The criminal justice response to tax evasion is being ramped up. A stronger fraud prosecution capability has been developed. In April 2010 an expert team from RCPO combined with an expert team from the CPS to form a new Central Fraud Division within the CPS, providing a specialist national prosecution and advisory service for all Revenue fraud cases investigated by HMRC.  In conjunction with HMRC, a strategic decision has been taken radically to increase the number of tax evasion cases prosecuted. HMRC and the CPS have now demonstrated that it is possible successfully to prosecute those who set up sophisticated but dishonest tax avoidance schemes.

At the same time, senior judges have made it clear that, when it comes to large scale tax evasion, even those without previous convictions can expect significant custodial sentences.

Increasing the volume of cases
In 2010 HMRC was allocated additional resources (£900 million over 4 years) to tackle the problems of tax evasion and avoidance – strengthening HMRC’s Criminal Investigation Directorate by 320 investigators to tackle tax fraud.  HMRC will increase the number of criminal prosecutions fivefold.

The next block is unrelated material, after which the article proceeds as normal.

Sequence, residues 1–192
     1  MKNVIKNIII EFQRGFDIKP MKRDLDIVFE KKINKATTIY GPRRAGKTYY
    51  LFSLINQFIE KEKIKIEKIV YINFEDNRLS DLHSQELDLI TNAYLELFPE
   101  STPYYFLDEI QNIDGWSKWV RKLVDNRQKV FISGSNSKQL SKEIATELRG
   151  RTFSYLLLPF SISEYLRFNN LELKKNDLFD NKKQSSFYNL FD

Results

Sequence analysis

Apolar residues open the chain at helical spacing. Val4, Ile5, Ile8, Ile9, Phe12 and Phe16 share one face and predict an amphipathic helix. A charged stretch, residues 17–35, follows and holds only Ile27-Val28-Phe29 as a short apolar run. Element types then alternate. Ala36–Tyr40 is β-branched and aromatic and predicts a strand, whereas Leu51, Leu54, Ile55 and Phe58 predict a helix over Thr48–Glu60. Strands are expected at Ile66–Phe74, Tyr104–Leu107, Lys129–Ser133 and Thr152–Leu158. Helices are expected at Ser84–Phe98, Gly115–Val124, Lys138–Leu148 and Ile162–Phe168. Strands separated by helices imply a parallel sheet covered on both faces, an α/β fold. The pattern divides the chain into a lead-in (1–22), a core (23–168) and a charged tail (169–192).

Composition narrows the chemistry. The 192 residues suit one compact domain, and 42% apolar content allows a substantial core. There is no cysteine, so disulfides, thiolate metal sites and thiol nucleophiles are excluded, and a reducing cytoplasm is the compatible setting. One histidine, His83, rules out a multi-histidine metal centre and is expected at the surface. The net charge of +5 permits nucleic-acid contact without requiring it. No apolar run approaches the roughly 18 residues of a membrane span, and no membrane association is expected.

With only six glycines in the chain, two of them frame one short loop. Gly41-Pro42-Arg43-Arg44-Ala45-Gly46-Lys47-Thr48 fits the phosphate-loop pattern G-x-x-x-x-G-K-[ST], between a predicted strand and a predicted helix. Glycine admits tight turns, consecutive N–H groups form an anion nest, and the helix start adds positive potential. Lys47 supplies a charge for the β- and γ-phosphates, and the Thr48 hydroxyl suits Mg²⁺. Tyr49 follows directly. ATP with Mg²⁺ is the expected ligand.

HMRC will refer sufficient cases to the CPS to enable prosecutions for non-organised tax fraud to rise from

  • 165 individuals in 2010/11, to
  • 565 individuals this year (2012/13), to
  • 1,165 individuals in 2014/15.

In 2010-11, the CPS successfully prosecuted 200 tax and excise evasion cases; by 2011-12, that number had risen to 550. This financial year to date, 86% of cases originating with HMRC have resulted in conviction.

We have restructured the way work is allocated to increase the number of prosecutors with the expertise to undertake HMRC prosecutions.  The mix of cases is important. It is no secret that among HMRC’s strategies for deterring tax evasion are taskforces to target “high risk” areas of work. One of the taskforces will be looking at lawyers, but grocers, retailers and restaurant owners will also be under scrutiny.

Prosecuting dishonest tax avoidance schemes
An important breakthrough has been the ability of HMRC and the CPS to successfully prosecute those who devise and operate sophisticated schemes to abuse direct tax regimes: dishonest tax avoidance schemes.